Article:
A. Proceedings since Denial of Class Certification

         Shortly after the denial of class certification, the parties appeared again before the Court. During this appearance on June 30, Plaintiffs' counsel said that Plaintiffs would “seek leave to file an amended complaint, your Honor, that is much narrower than the original complaint the class sought in the class cert motion.” (Transcript, ECF No. 134, p. 2.) Defendant Precor's counsel replied, “We would need to see the motion, your Honor.” Id. at 3. The Court then set the briefing schedule for the initial filing, response, and reply. Id. The exchange between the parties and the Court makes clear that the Court was setting the schedule for a Motion for Leave to Amend the Complaint and not for the filing of an Amended Complaint itself. The minute order issued on the same day, however, stated, “Plaintiff to file amended complaint by 7/14/2016.” (ECF No. 126.)

         B. Amended Complaint

         Plaintiff filed its First Amended Complaint (the “FAC”) by the deadline. (ECF No. 127.) Plaintiffs' Complaint now alleges a single cause of action: violation of the Illinois Fraud and Deceptive Business Practices Act and nine other consumer protection statutes “which are materially similar” to Illinois law. Id. ¶¶ 97-102. The ten states whose laws are implicated are California, Florida, Illinois, Massachusetts, Michigan, Minnesota, Missouri, New Jersey, New York, and Washington. Id. ¶ 99.

         Plaintiffs sought to represent four different classes in their Amended Complaint. The first new class, called the “Multi-State Damages Class, ” was made up of all persons, not otherwise excluded, who are residents of the ten states and “who purchased a Precor treadmill equipped with a touch sensor heart rate monitor from either Precor or a third-party retailer.” FAC ¶ 86 (emphasis added). In the alternative, Plaintiffs bring the action on behalf of an “Illinois Resident Damages Class, ” which is defined in the same way as the Multi-State Damages Class but is confined to residents of Illinois. Id. ¶ 87.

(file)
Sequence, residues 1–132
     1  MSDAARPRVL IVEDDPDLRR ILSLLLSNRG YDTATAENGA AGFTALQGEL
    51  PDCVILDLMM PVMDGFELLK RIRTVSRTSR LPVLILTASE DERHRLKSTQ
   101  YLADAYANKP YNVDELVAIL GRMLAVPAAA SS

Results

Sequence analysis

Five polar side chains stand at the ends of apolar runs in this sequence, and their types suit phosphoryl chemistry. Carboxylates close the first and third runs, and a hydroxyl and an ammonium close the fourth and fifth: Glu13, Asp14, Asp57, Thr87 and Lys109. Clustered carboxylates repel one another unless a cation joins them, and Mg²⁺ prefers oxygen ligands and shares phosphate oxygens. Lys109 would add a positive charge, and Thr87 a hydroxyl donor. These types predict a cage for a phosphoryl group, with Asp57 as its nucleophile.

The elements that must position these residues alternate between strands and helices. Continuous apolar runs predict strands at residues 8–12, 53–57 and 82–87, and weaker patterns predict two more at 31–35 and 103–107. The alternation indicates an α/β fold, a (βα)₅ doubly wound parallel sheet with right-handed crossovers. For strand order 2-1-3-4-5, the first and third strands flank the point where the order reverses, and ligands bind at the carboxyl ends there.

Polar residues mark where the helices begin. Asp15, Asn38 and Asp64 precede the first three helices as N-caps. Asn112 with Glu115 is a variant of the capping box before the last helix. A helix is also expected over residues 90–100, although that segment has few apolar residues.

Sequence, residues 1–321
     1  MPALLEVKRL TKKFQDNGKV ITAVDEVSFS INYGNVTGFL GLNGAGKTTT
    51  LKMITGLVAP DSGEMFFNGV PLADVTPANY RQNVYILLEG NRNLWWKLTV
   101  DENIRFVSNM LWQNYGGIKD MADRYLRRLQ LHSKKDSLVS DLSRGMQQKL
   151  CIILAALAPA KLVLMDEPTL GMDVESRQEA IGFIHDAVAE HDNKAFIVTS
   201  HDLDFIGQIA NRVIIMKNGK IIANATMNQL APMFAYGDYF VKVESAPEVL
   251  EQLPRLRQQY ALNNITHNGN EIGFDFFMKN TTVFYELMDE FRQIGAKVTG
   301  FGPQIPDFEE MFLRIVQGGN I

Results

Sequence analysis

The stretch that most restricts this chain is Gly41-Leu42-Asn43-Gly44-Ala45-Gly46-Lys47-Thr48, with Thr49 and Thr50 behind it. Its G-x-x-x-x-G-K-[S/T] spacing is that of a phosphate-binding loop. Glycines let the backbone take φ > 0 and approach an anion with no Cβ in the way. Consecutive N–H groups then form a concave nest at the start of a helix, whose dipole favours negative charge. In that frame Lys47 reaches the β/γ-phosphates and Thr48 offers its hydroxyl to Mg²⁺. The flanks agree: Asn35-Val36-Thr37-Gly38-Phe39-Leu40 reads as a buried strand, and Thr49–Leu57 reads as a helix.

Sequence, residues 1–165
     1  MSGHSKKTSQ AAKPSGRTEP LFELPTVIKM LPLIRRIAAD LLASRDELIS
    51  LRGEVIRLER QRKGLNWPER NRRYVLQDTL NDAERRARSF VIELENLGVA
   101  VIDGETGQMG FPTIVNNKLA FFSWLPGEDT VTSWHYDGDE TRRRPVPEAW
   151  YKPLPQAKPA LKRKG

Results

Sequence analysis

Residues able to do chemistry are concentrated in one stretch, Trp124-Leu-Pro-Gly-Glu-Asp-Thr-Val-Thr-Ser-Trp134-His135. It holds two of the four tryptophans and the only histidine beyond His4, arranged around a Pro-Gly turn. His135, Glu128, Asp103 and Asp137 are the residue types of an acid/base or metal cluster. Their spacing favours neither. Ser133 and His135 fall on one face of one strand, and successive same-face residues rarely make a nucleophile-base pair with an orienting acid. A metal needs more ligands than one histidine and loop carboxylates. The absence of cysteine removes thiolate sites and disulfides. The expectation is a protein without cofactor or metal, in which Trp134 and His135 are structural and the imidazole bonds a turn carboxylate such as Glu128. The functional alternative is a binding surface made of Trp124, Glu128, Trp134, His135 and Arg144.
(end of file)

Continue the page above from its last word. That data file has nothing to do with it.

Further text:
In addition to the damages classes, Plaintiffs sought to represent a Multi-State Injunctive Relief Class and an Illinois Resident Injunctive Relief Class. These injunctive relief classes are defined in the same way as the damages classes, although presumably their members are entitled only to a remedy in equity. (FAC ¶¶ 88-89.) Plaintiffs also expanded on the injunctive relief they seek, naming five specific ways in which they would have Precor enjoined. Id. at 27. All five are forms of prospective injunctive relief having to do with how Precor advertises its treadmills in the future. For instance, Plaintiffs asked for an order “enjoining Precor from making representations regarding the validity, reliability or accuracy of the Touch Sensor Monitoring feature on its treadmills.” Id.